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Ch. 17 - AromaticityWorksheetSee all chapters
All Chapters
Ch. 1 - A Review of General Chemistry
Ch. 2 - Molecular Representations
Ch. 3 - Acids and Bases
Ch. 4 - Alkanes and Cycloalkanes
Ch. 5 - Chirality
Ch. 6 - Thermodynamics and Kinetics
Ch. 7 - Substitution Reactions
Ch. 8 - Elimination Reactions
Ch. 9 - Alkenes and Alkynes
Ch. 10 - Addition Reactions
Ch. 11 - Radical Reactions
Ch. 12 - Alcohols, Ethers, Epoxides and Thiols
Ch. 13 - Alcohols and Carbonyl Compounds
Ch. 14 - Synthetic Techniques
Ch. 15 - Analytical Techniques: IR, NMR, Mass Spect
Ch. 16 - Conjugated Systems
Ch. 17 - Aromaticity
Ch. 18 - Reactions of Aromatics: EAS and Beyond
Ch. 19 - Aldehydes and Ketones: Nucleophilic Addition
Ch. 20 - Carboxylic Acid Derivatives: NAS
Ch. 21 - Enolate Chemistry: Reactions at the Alpha-Carbon
Ch. 22 - Condensation Chemistry
Ch. 23 - Amines
Ch. 24 - Carbohydrates
Ch. 25 - Phenols
Ch. 26 - Amino Acids, Peptides, and Proteins
Ch. 26 - Transition Metals
Huckel's Rule
Pi Electrons
Aromatic Hydrocarbons
Aromatic Heterocycles
Frost Circle
Naming Benzene Rings
Acidity of Aromatic Hydrocarbons
Basicity of Aromatic Heterocycles
Ionization of Aromatics

Concept #1: Counting pi electrons


In this video, we’re going to become experts on counting pi electrons. Technically, a pi electron is any electron found within an unhybridized p-orbital. That's the technical definition.
However, for the purposes of this video, I think it’s just easier if we memorize a few different types of electrons that are pi electrons. That’s going to cover our bases. We can learn that double bonds, radicals, and cations all contribute different amounts of electrons to pi electrons. Double bonds and anions contribute two pi electrons each. Radicals contribute one pi electron. Cations because of the fact that they’re empty orbitals, they contribute zero electrons.
Simply the job of counting of pi electrons is as easy as counting with your fingers, how many electrons you see by counting up with this method.
I’m going to have you guys do six compounds and figure out the pi electrons for those six. Go ahead and start off with the first one here and use the rule that I gave you to count up all the pi electrons you see and then we'll go ahead and do the answer.

Example #1: Count the pi electrons present


The answer for the first molecule is 6 because I've got 2 from this double bond, I've got 2 from this bond, I've also got another 2 from this double bond and I've got zero from this cation. You add it all together and you get 6 Pi electrons. Easy, move on to the next one.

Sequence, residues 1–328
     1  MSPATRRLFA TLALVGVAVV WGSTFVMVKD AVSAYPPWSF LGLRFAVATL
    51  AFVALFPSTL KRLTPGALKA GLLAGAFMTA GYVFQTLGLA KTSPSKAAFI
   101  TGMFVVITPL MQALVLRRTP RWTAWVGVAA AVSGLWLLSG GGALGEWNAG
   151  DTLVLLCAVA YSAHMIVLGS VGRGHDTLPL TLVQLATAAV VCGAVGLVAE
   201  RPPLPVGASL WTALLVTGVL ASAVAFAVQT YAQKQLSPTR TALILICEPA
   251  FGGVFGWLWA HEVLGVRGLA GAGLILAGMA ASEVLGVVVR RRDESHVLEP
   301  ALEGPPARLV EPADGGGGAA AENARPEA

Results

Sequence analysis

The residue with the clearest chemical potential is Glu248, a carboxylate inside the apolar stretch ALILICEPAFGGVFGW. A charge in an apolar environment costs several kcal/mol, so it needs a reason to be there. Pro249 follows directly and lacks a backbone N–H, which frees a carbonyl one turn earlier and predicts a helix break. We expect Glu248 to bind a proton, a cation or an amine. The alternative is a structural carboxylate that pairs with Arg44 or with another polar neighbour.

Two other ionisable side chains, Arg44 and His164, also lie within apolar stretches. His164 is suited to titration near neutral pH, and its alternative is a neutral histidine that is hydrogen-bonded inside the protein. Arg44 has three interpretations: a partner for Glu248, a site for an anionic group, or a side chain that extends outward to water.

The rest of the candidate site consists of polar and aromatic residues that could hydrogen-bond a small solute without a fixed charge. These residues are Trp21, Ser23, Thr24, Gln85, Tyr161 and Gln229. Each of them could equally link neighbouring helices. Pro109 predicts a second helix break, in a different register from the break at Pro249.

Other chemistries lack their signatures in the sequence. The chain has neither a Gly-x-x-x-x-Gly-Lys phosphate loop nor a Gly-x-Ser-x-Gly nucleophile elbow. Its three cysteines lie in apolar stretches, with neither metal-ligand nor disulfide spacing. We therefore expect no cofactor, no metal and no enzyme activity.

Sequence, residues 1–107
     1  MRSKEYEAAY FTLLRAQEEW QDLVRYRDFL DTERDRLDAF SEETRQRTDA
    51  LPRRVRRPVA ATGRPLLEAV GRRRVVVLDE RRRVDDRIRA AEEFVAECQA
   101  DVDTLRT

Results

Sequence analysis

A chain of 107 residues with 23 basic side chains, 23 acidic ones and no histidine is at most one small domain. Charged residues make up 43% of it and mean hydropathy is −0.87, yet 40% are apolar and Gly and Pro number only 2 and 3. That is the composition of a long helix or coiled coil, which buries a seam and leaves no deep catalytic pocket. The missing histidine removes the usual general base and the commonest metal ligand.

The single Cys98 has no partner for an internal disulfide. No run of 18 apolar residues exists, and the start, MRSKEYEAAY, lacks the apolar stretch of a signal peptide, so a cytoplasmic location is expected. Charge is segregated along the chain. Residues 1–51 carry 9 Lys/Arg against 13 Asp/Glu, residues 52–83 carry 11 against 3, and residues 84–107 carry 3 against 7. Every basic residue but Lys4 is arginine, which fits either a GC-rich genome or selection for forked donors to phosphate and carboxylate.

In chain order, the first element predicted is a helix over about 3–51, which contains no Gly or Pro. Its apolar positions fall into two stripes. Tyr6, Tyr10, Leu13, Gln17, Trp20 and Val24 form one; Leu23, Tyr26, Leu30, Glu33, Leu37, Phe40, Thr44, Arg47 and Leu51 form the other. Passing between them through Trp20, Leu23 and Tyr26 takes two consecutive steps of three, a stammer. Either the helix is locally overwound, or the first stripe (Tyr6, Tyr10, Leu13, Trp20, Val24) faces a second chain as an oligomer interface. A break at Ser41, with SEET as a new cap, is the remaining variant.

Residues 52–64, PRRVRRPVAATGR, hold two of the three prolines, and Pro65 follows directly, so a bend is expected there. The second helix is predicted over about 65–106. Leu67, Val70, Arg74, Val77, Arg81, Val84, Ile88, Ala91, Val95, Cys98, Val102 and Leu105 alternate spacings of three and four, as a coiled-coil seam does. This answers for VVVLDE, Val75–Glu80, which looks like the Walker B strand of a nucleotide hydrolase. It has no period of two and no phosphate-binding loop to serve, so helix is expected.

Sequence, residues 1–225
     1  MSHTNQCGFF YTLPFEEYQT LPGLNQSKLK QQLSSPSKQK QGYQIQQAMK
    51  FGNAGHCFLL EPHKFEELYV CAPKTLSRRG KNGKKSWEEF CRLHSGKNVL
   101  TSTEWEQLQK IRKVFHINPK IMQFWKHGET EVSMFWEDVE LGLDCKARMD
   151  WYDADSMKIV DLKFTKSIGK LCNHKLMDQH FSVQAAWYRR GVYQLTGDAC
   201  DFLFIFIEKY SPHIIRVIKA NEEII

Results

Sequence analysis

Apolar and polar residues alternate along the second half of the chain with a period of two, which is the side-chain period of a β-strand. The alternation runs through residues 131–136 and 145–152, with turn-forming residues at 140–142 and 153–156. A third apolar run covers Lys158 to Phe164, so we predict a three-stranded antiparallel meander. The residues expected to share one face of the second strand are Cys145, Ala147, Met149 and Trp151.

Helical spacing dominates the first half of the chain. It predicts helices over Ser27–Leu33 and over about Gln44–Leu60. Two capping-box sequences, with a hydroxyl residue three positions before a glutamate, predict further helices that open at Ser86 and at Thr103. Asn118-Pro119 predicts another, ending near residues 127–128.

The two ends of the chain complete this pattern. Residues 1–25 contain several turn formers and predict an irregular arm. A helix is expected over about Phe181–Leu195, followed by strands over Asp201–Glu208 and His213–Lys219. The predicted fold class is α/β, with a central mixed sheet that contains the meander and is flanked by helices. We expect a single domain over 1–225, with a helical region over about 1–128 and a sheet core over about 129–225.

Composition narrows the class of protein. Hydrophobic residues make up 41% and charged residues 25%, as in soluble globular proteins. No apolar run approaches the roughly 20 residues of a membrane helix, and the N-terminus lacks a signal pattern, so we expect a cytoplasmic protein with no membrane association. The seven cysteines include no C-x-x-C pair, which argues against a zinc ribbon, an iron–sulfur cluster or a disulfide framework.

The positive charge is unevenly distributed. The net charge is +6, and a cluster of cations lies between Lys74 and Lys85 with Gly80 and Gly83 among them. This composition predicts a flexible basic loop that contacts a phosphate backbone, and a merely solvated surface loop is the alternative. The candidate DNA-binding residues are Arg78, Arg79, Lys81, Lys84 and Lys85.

Example #2: Count the pi electrons present


The answer for this next one was 10 Pi electrons because I've got 2, 2, 2, 2, 2. That equals 10 Pi electrons. Too easy, let's move on to the next one.

Example #3: Count the pi electrons present


The answer for this next compound was 4 pi electrons because I had 2 electrons coming from my double bond, and then I had another 2 coming from my anion which we said contributed 2 pi electrons as well, that would give us 4 pi electrons total.

Aright, now in order to the answer the next three questions we're going to have to get a handle on this tricky notation. So if you see hydrocarbon ring with just a charge in the middle, that means you've got a lazy organic chemist on your hands but hey this is an acceptable notation and you do need to learn what it means. Basically if you just see a charge in the middle that means that we're going to assume, so I'm just going to put here by definition this means that we're going to assume alternating double bonds and then the space left over or the carbon left over, that atom left over would possess that charge so that means that this molecule, that five of a is actually a short cut or a short hand for a five carbon diene with a positive charge on one carbon.

So that being said go ahead and try to figure out how many pi electrons that has and then use that information to then draw the correct structures of the following two so that you can get the right answers for those as well. You got this.

Example #4: Count the pi electrons present


Alright, so the correct answer for this one was 4 now that we know how to draw it because you had 2, 2 and zero giving us a total of 4 pi electrons. Go ahead and try the next one.

Example #5: Count the pi electrons present


So the correct structure of this molecule was a triangle with simply one double bond and a negative charge in the space afterwards because there was only enough space for one double bond total. This means that this molecule would have a total of 4 pi electrons. Let's move on to the last question.

Example #6: Count the pi electrons present


The answer for this last one was 8 pi electrons. How did we get the answer? Because the negative charge in the middle meant that we had to assume double bond, double bond, double bond with a negative charge here I can just cross that out and we would get 8 pi electrons from the 3 double bonds and the anion which would contribute electrons 7 and 8 so this would be 8 pi electrons total. Now I know that you're not really completely sure how important this pi electron thing is but it's a huge deal we're talking about in aromaticity so now that you know how to count them, let's go ahead and figure out why they're going to be so important for aromaticity.